Russia's Golden Ring

Russia’s two major cities – Moscow and St Petersburg – attract tourists all year round. No wonder as they are jam packed with cultural sights, from 18th-century palaces to austere Soviet architecture, in addition to museums containing some of the largest art collections in the world.

Church of St Dimitri on the Blood, Uglich, Russia

Church of St Dimitri on the Blood, Uglich, Russia

But there is more to Russia than these two cultural capitals…so much more in fact that it can seem a little daunting; Russia tops the charts as the largest country in the world. But you don’t have to travel far to get a taste of a more rural Russia. Jump on a train and travel a short way north-east of Moscow to ‘The Golden Ring’, a smattering of towns and villages arranged more or less in a circle. Within these settlements some of the most important events in Russia’s history and in the formation of the Russian Orthodox Church took place. This is the romantic Russia that you read of in history books: fortress-like monasteries and convents, churches topped with golden onion domes, pastoral landscapes and villages of rickety wooden houses where locals still practise traditional crafts.

Cox & Kings’ non-exclusive group tour Russia’s Golden Ring visits three of these towns: Suzdal, Vladimir and Bogolyubovo. The tour is bookended with two nights in Moscow and three nights in St Petersburg and includes all rail travel.

Church of the Intercession on the Nerl, Bogolyubovo, Russia

Church of the Intercession on the Nerl, Bogolyubovo, Russia

Journey through the Baltic States

The beauty of travel in Europe is that there are so many countries packed into one relatively small continent, each with such a distinct history and culture. Travelling between each of them couldn’t be quicker and easier, and no more so than between the three Baltic states of Estonia, Latvia and Lithuania. Huddled together in a corner of Eastern Europe, these countries are often overlooked as a holiday destination but all three of them can be neatly combined into one trip.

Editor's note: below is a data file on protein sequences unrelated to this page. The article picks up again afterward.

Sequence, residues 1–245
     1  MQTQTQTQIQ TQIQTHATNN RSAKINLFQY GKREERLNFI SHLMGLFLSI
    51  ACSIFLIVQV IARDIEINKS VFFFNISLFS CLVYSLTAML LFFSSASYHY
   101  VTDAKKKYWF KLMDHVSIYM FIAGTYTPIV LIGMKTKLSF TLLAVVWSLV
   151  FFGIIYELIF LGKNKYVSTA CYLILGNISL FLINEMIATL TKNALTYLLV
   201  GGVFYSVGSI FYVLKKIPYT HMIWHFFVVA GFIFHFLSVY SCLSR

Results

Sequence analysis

Medieval street, Riga, Latvia

Medieval street, Riga, Latvia

The Baltics were brothers in arms throughout the 20th century when all three suffered under German and Soviet occupations. Today they enjoy inter-governmental cooperation on numerous matters, but you will find clear-cut differences in their customs, languages and cultural sights. Tallinn, the capital of Estonia, is one of Europe’s best-preserved medieval towns; Riga, the capital of Latvia, is renowned for its attractive art nouveau architecture; and Vilnius, the capital of Lithuania flaunts some showy baroque churches.

Cox & Kings’ group tour Journey through the Baltic States travels by road between the capital cities of Tallinn, Riga and Vilnius, with stops at castles, palaces and seaside resorts en route.

Panorama of Tallinn old town, Estonia

Panorama of Tallinn old town, Estonia

Timeless Romania

Romanian countrysideRomania is a fairy-tale land of high mountains and rolling green hills with cobbled villages, turreted castles and colourful, frescoed monasteries. Out in the countryside, people still travel by horse and cart and crafts such as pottery and weaving remain important skills.

This is a land where, at dusk, the cows make their own way home from the fields, rambling along the lanes to find their farmyard, where they wait patiently to be let in. There are few places left in Europe where you can still see a lifestyle that has remained as unchanged as this, unaffected by the fast pace of the modern world.

Cox & Kings’ group tour Timeless Romania reaches deep into Transylvania and Bucovina, two regions north of the Carpathian mountains, notable for their Saxon fortified churches, medieval towns, painted monasteries, royal palaces and castles.

If you are interested in a private itinerary then The Transylvanian Properties of the Prince of Wales offers an idyllic escape into the heart of the Transylvanian countryside, following in the footsteps of the Prince of Wales who has a longstanding affection for this beautiful country.

Bran castle, Brasov, Transylvania, Romania

Bran castle, Transylvania, Romania

Many of our group tours can be taken on a private basis. Alternatively, if you are interested in a tailor-made itinerary, please either call one of our specialist Europe travel consultants or complete our tailor-made request form and one of our experts will get back to you to help you plan an itinerary.